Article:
What can we learn from the range?

Markets broadly exist in two states: trends or trading ranges. In other words, a market is happy with the current price (and accepts it) or is moving to another price.

Of course, this makes everything sound a bit more predictable than it actually is: trends can seemingly go on forever, or end suddenly without warning. Ranges can hold with cleanly-defined boundaries, or they can show all kinds of false breakouts.

Generally speaking, trading in trends might be a bit easier for discretionary traders; trends tend to have more readable patterns and are slightly more predictable. Books like to show idealized examples of trading in ranges, where, for instance, we buy at the bottom of the range, sell near the top, get short near the top, and repeat until it breaks out.

In reality, it’s not so simple: bounces from the confines of a range may only move a bit into the range before retesting the levels. Breakouts can come without warning (and even on gaps), and breakouts can quickly fail back into the range. In my experience, this is a very painful way to make money in the market.

However, there’s good information that we can derive from where a market sits in its range and how it acts around the boundaries of the range. The cleanest ranges will actually be set up by trends: the two critical levels are the trend extreme (the low, in this chart), and either the first reaction after that trend extreme, or, more rarely, the last pullback swing before the trend ends. 

A chart will help to clarify:

In this case, we’ve defined the range with the horizontal lines. Rather than thinking about trading within the range, let’s consider what information we might have extracted from the market on each of the last few bars:

A. The market takes a pause near the high of a unbroken run of six dramatic rally days off of support. This is undeniably bullish price action, and the doji bar is a natural pause after such a strong run up. Our baseline expectation going forward should be bullish here. (Even though that proved to be dramatically wrong!) We might expect a few days of consolidation, probably holding somewhere near the top of the range; 2,775 is a good reference, but not a line in the sand. We should be prepared for some false breakouts to the upside, because we know that levels are wide ranges, not exact prices.

B. Well, this “should not” have happened. This is a strong contradiction of our bullish bias from just one day ago. Now, however, we are simply back in the middle of the range. Though this is the most dramatic bearish candle we’ve seen in many weeks, we’re still mid-range. We’ve still only seen price rejection from the previous highs. We’re still rangebounce. Baseline expectation here should be to drift, and probably to test the lows eventually. Bottom line is I would walk away from a day like this saying “no clear short-term bias”, and that’s ok. That’s realistic. It’s not often we can have a strong bias.

C. Incredible, dramatic conflict on this single bar. It’s easy to miss this when we simply look at a historical chart, but consider the dramatic downside extension to support, and the equally dramatic price rejection from that support. (I’ve used the word “dramatic” three times in two sentences, and that’s not an accident.) From the perspective of a short-term trader, this is frustrating because, once again, we close mid-range, with no clear directional bias.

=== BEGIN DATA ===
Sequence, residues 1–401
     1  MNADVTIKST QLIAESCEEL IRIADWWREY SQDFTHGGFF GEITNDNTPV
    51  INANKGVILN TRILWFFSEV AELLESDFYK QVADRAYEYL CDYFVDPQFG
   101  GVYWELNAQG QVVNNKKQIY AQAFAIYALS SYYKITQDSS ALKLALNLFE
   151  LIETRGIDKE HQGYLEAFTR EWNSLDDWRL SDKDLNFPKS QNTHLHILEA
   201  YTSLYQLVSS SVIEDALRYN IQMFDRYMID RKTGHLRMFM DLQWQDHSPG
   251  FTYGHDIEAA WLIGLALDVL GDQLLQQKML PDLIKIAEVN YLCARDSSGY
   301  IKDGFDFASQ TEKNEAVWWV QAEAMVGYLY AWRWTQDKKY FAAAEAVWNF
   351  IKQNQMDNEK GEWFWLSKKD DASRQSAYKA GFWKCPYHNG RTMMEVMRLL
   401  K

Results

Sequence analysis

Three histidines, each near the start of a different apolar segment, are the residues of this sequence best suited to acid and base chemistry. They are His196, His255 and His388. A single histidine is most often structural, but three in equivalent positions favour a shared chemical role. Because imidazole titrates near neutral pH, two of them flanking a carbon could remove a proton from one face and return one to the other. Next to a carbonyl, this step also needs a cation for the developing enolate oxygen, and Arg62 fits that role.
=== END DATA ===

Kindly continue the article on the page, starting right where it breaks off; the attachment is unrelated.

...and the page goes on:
D. This is the day where things get truly interesting, and where we’re able to find an edge: a more measured decline from the middle of the range, and a close that puts pressure on support. Though this is not a standard breakout setup, the market dynamics here clearly favor a downside breakout of the range.

E. This bar is not yet closed, but trading down into the support area is a classic precursor of a break of that support.

This thought process–thinking from the perspective of a short-term trader–is critical to understanding market action. We are not suggesting you make those trades (or even that they could have been executed at the time), but understanding where a short-term trader might have had expectations (e.g., the low of C, expecting a breakdown and flush below support) and seen those expectations frustrated can give us good insight into market dynamics.

Last, you cannot have an opinion on every bar. New traders feel that they should be able to look at a chart and predict something at every turn. I have not found this to be the case. In fact, most of the time (80%+) a chart tells us very little and the best we can say is “I don’t know.” 

It’s not a personal failure: it’s an acknowledgement of the limitations of knowledge and the random, conflicted nature of price action in competitive markets. This is reality. If you’re going to trade well, it’s best to align yourself with reality!

Also, understanding where there’s no edge allows you to focus on those few times where there is an edge. (See bar E!)


Adam Grimes has over two decades of experience in the industry as a trader, analyst and system developer. The author of a best-selling trading book, he has traded for his own account, for a top prop firm, and spent several years at the New York Mercantile Exchange. He focuses on the intersection of quantitative analysis and discretionary trading, and has a talent for teaching and helping traders find their own way in the market.